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Prevalence and Predictors of Early Intervention Referral Among Substance Exposed Newborns
  • Stephanie Bourque,
  • Blair Weikel,
  • Sunah Hwang
Stephanie Bourque
University of Colorado - Anschutz Medical Campus

Corresponding Author:[email protected]

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Blair Weikel
University of Colorado - Anschutz Medical Campus
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Sunah Hwang
University of Colorado - Anschutz Medical Campus
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Abstract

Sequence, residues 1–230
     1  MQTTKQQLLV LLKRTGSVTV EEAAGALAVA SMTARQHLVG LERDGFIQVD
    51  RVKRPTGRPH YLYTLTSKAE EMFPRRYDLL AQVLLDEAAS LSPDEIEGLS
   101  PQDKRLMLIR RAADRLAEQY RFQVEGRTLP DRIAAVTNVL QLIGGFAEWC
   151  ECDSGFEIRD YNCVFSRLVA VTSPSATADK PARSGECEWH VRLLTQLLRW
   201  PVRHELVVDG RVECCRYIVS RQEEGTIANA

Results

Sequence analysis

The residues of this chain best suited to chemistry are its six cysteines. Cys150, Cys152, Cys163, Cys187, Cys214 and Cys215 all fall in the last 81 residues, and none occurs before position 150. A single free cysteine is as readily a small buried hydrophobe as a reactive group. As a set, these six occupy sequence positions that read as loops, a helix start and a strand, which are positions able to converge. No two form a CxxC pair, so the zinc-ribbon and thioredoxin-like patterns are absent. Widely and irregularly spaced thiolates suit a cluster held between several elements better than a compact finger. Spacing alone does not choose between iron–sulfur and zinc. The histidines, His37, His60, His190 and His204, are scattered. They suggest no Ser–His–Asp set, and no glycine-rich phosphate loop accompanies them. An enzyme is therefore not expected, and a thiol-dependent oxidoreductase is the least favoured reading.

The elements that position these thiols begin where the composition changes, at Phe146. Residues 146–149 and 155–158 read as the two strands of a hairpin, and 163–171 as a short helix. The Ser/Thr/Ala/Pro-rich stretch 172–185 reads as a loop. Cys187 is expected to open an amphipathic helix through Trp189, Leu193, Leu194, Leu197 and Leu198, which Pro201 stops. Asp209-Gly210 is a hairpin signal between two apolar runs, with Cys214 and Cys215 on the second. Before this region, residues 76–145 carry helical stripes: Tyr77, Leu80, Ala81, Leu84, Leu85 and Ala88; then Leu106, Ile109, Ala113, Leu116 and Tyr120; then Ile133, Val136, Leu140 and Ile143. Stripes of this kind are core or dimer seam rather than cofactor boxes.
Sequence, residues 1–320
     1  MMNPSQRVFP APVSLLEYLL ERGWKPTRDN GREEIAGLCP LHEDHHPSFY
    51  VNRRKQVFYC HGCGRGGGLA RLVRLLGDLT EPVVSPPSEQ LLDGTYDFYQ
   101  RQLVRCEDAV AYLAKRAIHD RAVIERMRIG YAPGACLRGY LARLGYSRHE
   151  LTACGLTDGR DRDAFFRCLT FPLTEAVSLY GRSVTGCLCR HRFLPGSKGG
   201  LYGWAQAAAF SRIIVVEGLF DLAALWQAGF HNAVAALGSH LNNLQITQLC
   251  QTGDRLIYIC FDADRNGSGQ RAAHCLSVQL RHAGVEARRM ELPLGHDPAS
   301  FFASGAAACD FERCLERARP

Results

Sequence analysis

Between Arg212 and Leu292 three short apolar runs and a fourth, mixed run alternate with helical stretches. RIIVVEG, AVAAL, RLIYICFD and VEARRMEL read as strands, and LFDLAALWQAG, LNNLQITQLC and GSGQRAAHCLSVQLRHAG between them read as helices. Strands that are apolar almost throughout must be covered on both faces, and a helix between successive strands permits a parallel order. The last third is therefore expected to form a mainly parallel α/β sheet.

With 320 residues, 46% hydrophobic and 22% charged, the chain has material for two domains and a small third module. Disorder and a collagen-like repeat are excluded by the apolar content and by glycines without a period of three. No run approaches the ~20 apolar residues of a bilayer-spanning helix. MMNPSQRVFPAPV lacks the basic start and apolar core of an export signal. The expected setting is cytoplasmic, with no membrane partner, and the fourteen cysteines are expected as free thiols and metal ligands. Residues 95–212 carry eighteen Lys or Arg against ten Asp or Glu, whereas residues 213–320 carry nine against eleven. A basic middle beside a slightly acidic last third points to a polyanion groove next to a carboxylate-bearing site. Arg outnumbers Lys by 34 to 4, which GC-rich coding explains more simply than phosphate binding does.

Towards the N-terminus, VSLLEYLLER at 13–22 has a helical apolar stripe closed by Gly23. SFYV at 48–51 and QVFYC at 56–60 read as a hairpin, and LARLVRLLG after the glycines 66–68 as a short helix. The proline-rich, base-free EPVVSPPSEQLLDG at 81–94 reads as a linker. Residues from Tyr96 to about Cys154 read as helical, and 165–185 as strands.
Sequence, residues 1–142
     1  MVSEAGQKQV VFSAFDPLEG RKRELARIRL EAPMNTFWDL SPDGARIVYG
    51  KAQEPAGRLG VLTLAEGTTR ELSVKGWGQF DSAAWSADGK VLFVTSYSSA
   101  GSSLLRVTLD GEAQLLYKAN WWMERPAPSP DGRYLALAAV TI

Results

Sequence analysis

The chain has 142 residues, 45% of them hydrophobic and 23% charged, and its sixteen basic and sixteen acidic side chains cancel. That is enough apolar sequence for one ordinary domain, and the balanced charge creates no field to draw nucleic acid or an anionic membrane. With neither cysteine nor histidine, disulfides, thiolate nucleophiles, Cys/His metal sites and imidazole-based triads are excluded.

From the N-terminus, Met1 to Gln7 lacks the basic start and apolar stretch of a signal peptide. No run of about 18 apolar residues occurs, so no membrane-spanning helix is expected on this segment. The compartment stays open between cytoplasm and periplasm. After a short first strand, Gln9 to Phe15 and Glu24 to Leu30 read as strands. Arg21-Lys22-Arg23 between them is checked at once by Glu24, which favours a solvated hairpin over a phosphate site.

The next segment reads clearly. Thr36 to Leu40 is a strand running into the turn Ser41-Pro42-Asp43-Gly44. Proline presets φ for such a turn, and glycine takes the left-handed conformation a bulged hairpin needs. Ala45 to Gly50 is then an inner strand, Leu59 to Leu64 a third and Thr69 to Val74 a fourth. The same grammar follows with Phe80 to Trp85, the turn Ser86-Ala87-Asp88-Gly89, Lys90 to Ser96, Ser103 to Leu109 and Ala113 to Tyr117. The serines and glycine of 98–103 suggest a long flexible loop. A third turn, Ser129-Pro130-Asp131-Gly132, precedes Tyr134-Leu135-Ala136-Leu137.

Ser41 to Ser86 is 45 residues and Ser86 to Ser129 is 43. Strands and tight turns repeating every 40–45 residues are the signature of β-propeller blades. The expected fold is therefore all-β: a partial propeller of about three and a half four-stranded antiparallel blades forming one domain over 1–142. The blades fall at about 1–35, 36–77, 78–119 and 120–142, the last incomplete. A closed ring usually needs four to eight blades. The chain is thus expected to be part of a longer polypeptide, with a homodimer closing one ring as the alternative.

Substance exposed newborns (SENs) are at risk of developmental delay(s). Early intervention (EI) access, key to addressing these risks, is inequitable. Objectives were to determine prevalence of EI referral in the Colorado Hospitals Substance Exposed Newborn (CHoSEN) Quality Improvement Collaborative (USA) and evaluate predictors of referral. Maternal-infant dyads with exposure to medications for opioid use disorder (MOUD), illicit/prescription opioids, and/or non-opioid substances were included. Chi-square, Fisher’s exact, and ANOVA tests evaluated differences in maternal/infant characteristics by referral. Multivariable logistic regression models assessed the independent association of characteristics with referral. Among 991 primarily White, non-Hispanic dyads, 407 (41.1%) SENs received EI referral. Infants born to mothers with non-MOUD (AOR 0.22, 95% CI 0.10, 0.45) and polysubstance (AOR 0.60, 95% CI 0.36, 0.98) exposure were less likely to receive referral compared to infants born to mothers with MOUD exposure. Those with shorter length of stay of 1-3 days (AOR 0.03, 95% CI 0.01, 0.07) and 4-6 days (AOR 0.47, 95% CI 0.32, 0.69) were less likely to receive referral compared to infants admitted >6 days. Less than half of identified SENs received EI referral with variation by substance exposure and length of stay. Systems to ensure equitable access to services are crucial.